On the edge of the Thar desert near the Indo-Pak border, a unique battle is being fought, one which has largely escaped media attention. This is a tricky one, involving experts from Abu Dhabi, Dehradun-based Wildlife Institute of India (WII), Rajasthan Forest Department and the Union Environment Ministry -- all for the sake of the Greater Indian Bustard. With hardly 150 birds left in the wild, they are at the very edge of the abyss.
With a wing span of over seven feet, the Great Indian Bustard (it's also the state bird of Rajasthan) is among the heaviest flying birds on Earth. The irony is that in the early 70s no less than Salim Ali, the renowned ornitholigist, pitched for appointing bustard as the national bird of India. But some 'babus' in New Delhi struck down the appeal -- one reason being that the bird's name rhymed with the word ba****d.
Now, of course, better sense has prevailed. Last year, Project Bustard was launched, and the hunt began in the deserts of Jaisalmer to find bustard eggs which could be artifically incubated. For this, a hatchery has already been set up in Jaisalmer. The Chief Wildlife Warden of Rajasthan, Arindam Tomar, had told me that this was "the last chance" for the Great Indian Bustard. Many such endeavours, at both individual and organisational levels, to retrieve the lost ground for nature and wildlife can be found all around us.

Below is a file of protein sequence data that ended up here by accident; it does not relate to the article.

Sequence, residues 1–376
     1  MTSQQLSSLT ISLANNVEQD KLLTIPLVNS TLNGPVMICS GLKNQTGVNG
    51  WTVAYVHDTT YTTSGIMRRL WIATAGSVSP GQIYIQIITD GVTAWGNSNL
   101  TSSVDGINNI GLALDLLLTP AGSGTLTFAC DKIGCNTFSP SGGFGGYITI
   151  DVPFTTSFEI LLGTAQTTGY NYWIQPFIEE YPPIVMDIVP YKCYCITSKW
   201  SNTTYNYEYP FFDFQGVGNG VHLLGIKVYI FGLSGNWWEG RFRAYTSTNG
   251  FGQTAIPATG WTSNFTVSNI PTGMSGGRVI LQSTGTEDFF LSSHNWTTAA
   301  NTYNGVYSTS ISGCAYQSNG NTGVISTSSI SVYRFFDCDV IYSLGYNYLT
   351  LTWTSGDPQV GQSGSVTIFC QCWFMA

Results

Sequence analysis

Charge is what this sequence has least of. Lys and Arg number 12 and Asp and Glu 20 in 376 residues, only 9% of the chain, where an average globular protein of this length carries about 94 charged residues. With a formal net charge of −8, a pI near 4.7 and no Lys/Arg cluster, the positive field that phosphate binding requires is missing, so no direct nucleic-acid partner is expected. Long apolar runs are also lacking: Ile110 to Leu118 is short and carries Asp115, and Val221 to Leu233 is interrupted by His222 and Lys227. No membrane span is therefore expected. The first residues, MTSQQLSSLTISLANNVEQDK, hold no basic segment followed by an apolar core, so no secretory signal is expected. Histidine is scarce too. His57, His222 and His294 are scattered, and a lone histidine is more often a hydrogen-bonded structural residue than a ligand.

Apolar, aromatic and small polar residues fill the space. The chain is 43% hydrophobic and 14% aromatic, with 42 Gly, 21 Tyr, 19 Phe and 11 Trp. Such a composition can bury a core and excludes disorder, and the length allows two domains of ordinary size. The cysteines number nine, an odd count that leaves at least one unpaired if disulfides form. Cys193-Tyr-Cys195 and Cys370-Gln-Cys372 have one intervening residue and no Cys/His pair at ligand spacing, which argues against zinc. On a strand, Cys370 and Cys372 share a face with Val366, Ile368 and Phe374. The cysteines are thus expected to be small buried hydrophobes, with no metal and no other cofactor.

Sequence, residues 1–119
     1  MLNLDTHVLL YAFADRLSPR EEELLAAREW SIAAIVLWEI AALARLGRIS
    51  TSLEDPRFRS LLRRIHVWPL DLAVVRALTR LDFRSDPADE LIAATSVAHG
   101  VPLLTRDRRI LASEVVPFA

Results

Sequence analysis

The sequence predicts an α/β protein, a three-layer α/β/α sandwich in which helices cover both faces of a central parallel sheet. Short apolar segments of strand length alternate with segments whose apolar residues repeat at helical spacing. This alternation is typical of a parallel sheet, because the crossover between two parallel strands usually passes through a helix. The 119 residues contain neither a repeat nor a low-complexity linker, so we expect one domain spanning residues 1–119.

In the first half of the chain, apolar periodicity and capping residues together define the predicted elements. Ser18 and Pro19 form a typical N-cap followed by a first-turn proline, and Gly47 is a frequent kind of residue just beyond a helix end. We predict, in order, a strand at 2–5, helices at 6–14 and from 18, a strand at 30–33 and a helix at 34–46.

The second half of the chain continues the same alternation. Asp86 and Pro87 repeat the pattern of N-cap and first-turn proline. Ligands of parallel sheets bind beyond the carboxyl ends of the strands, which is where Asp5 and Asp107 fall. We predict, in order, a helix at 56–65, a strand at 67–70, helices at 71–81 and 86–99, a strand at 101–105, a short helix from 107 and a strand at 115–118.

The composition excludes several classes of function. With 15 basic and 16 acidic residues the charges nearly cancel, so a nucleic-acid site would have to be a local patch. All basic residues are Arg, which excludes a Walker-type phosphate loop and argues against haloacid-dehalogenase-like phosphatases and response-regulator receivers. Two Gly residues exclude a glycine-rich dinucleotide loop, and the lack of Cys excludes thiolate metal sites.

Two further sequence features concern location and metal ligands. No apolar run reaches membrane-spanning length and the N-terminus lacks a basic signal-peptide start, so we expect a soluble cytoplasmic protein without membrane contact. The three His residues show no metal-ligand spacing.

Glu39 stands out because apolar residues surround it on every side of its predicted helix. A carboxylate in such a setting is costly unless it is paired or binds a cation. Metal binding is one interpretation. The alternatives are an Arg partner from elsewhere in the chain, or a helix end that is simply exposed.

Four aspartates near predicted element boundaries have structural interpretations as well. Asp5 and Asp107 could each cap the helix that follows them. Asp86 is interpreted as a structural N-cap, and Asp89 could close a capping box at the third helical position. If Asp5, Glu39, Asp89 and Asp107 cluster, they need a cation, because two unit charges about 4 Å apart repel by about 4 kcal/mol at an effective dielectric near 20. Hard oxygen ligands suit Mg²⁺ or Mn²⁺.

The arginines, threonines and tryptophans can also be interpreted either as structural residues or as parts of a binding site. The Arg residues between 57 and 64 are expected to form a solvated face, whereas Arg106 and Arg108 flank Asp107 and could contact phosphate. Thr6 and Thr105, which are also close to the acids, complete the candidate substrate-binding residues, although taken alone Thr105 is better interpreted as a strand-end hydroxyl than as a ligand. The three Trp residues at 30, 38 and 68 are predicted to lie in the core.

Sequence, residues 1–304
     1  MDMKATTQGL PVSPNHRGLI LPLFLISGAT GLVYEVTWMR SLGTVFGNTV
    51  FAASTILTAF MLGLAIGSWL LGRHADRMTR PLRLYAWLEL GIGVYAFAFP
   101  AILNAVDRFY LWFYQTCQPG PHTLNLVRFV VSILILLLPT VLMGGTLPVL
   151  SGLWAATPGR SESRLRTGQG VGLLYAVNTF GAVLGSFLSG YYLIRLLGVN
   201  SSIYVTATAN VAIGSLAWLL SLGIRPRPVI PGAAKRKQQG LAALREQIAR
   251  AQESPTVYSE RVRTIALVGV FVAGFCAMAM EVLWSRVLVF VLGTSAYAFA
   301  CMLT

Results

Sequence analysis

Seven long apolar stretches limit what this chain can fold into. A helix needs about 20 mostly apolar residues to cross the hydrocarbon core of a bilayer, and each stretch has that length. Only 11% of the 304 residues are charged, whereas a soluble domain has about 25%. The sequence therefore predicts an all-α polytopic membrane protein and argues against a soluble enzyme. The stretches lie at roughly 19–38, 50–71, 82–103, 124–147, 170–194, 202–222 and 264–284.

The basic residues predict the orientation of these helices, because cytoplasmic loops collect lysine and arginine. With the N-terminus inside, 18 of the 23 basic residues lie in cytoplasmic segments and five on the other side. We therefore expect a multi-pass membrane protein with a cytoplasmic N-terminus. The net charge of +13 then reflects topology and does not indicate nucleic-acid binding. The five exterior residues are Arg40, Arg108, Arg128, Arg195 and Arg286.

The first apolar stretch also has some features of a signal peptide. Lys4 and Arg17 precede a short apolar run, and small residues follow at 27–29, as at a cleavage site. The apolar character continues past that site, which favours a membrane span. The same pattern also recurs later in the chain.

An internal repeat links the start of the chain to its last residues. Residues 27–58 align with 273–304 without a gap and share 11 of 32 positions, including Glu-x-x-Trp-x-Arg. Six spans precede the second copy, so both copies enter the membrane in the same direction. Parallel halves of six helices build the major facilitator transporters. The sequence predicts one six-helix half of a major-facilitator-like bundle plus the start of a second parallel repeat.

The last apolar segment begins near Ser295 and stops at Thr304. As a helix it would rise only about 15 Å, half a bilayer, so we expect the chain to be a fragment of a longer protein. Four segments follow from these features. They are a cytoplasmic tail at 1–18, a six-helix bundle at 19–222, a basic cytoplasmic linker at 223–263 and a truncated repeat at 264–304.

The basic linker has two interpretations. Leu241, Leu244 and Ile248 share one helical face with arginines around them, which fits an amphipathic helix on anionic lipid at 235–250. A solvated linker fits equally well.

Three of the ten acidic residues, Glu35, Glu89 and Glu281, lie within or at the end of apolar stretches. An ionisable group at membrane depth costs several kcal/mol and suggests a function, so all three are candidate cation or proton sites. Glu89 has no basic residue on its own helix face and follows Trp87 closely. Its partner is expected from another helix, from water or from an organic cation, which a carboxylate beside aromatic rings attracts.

At times, decisive intervention is needed to obtain desired results. But more often than not, one only has to stand back and let the natural processes make necessary repairs. The maverick Greek philosopher Diogenes told this to Alexander the Great, when the latter approached him in his cave and inquired if he needed anything: "Just stay out of my sunshine."
Perhaps this is what is required from us, to stay out of the nature's light. Unwittingly, this is precisely what we have been doing during the past three months. The results of our "not doing" continue to amaze us every day. The crystal clear rainbow which people from Gurgaon to Hyderabad observed a few days ago, and the thousands of accompanying photographs which they posted on social media to express their astonishment, shows the miracles nature can churn out. If only we let it be.
I am sure people in most towns, villages and cities have have been experiencing these magical moments. Who would have ever thought of viewing snow-capped Himalayan peaks from Jalandhar and Saharanpur? These mircales are unfolding on an almost daily basis. Many people say the virus, besides reminding us of our fragile hold on life, has brought us closer to nature. Maybe so, but I like to believe our connection with nature was always intact. Only we forgot about it.
It's just that we are beginning to wake up now to the wonders which can be re-created. Remember Robert Stroud, the Birdman of Alcatraz? While still a prisoner serving life imprisonment in the notorius Alcatraz jail, Stroud became the famous bird doctor, his education starting from the first wounded sparrow which flew inside his cell, demanding help. As for me, I am waiting for the frogs and sparrows to return.
Ajay Suri is an award winning filmmaker, conservationist and writer